Many consider sustainable farming a boutique industry, unable to compete with conventional farming and produce enough food to supply populations outside their local communities. And that pesticides and modern food processing technology is the only way to meet the world’s demand for food.
But Mark Bittman, New York Times contributor and author of The Food Matters Cookbook, claims advances in sustainable farming now make it a viable solution to world hunger. He also points out that today’s industrial farming practices aren’t the savior they appear, citing record highs in the global food price index. And that conventional farming takes too heavy a toll on the environment:
Yet there is good news: increasing numbers of scientists, policy panels and experts (not hippies!) are suggesting that agricultural practices pretty close to organic – perhaps best called “sustainable” – can feed more poor people sooner, begin to repair the damage caused by industrial production and, in the long term, become the norm…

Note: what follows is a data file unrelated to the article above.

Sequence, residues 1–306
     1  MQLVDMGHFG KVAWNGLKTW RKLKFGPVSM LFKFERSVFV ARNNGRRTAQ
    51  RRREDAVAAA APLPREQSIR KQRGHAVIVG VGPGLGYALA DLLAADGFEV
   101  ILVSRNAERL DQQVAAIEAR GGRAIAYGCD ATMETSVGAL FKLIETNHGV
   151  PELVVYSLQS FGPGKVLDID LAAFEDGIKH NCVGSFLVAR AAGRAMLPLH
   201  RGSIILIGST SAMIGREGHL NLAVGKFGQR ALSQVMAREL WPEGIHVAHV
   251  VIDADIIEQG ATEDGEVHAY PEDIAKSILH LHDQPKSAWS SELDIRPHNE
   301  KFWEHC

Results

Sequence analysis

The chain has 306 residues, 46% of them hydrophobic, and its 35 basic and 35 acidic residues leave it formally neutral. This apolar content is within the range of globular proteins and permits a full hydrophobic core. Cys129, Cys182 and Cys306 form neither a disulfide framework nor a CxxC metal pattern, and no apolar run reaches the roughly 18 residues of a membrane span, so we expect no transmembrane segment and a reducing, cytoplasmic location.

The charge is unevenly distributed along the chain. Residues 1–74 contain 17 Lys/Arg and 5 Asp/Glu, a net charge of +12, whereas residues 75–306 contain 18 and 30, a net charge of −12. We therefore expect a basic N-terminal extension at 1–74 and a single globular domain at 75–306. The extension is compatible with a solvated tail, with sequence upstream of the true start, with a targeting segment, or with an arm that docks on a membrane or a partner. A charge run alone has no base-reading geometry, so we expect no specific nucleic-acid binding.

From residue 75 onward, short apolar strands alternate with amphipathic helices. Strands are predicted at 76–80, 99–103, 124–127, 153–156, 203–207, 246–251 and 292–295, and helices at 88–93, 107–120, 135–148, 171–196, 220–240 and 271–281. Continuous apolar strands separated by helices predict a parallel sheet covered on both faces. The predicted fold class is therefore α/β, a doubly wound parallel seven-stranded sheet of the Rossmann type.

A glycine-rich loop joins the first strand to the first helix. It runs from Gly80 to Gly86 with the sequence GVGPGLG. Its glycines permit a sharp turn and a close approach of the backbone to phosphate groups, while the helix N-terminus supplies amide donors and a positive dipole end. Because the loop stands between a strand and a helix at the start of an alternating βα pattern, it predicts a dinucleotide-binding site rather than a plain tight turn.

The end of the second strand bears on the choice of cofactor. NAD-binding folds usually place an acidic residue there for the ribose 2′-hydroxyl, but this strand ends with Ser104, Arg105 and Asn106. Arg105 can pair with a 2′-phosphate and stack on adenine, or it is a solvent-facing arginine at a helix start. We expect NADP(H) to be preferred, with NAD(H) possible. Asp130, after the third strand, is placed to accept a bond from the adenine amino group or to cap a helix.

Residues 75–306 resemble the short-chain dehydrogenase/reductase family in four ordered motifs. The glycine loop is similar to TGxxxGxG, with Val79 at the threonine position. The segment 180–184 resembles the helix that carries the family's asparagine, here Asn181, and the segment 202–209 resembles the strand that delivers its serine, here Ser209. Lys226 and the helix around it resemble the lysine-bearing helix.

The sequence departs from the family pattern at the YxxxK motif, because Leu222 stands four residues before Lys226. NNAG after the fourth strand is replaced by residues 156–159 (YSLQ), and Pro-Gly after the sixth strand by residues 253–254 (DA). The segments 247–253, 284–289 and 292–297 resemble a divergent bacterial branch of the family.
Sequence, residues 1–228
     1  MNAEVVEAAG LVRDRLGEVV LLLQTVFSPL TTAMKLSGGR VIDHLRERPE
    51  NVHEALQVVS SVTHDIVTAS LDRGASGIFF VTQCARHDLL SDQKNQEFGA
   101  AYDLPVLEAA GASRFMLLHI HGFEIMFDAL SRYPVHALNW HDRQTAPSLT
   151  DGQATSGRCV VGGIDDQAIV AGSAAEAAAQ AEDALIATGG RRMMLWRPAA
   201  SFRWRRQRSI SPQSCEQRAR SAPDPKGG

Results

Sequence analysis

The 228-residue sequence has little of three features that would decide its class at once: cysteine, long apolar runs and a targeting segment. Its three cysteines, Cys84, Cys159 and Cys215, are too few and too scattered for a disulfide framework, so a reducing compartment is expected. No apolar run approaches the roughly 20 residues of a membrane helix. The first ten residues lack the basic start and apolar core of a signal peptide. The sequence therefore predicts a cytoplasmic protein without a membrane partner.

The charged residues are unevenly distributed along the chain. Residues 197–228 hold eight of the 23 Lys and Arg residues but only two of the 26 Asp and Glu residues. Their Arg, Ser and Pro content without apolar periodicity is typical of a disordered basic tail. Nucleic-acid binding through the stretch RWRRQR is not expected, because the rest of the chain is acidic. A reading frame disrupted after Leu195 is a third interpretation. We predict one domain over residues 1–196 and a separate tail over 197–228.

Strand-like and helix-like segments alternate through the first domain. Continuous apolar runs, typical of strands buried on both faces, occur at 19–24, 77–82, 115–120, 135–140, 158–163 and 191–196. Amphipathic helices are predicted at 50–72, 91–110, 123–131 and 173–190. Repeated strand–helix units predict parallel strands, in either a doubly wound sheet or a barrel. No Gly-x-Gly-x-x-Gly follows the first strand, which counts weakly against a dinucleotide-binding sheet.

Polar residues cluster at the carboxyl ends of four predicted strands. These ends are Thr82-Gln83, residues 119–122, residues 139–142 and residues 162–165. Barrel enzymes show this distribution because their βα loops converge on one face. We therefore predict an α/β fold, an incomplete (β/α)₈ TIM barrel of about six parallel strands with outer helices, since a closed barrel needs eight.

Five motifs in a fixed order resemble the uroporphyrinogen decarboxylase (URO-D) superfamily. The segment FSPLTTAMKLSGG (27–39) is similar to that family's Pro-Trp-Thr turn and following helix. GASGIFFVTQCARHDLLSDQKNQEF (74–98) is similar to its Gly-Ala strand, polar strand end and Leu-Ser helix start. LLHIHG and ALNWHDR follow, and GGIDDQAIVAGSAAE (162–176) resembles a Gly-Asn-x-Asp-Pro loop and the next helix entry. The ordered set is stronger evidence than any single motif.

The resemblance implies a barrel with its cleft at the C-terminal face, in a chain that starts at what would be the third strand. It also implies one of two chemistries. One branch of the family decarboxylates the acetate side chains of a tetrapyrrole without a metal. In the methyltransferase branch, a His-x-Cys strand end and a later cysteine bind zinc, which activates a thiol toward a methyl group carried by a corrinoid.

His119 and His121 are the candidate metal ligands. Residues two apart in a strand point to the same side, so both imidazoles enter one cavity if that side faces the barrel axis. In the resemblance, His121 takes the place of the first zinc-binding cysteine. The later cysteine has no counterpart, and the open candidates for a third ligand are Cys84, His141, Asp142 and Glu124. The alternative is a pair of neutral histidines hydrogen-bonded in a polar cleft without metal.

…Agro-ecology and related methods are going to require resources too, but they’re more in the form of labor, both intellectual – much research remains to be done – and physical: the world will need more farmers, and quite possibly less mechanization. Many adherents rule out nothing, including in their recommendations even GMOs and chemical fertilizers where justifiable. Meanwhile, those working towards improving conventional agriculture are borrowing more from organic methods…
…No one knows how many people can be fed this way, but a number of experts and studies – including those from the U.N. Food and Agriculture Organization, the University of Michigan and Worldwatch – seem to be lining up to suggest that sustainable agriculture is a system more people should choose. For developing nations, especially those in Africa, the shift from high- to low-tech farming can happen quickly, said Olivier de Schutter, the United Nations’ special rapporteur on the Right to Food: “It’s easiest to make the transition in places that still have a direction to take.” But, he added, although “in developed regions the shift away from industrial mode will be difficult to achieve,” ultimately even those countries most “addicted” to chemical fertilizers must change.
According to WorldHunger.org, in 2010, 925 million people worldwide went hungry; primarily populations in Asia and the Pacific, as well as Sub-Sharan Africa and Latin America and the Caribbean.
But with big business industrial farming conglomerates downplaying the merits of sustainable farming it remains to be seen if sustainable farming practices will be able to flourish.
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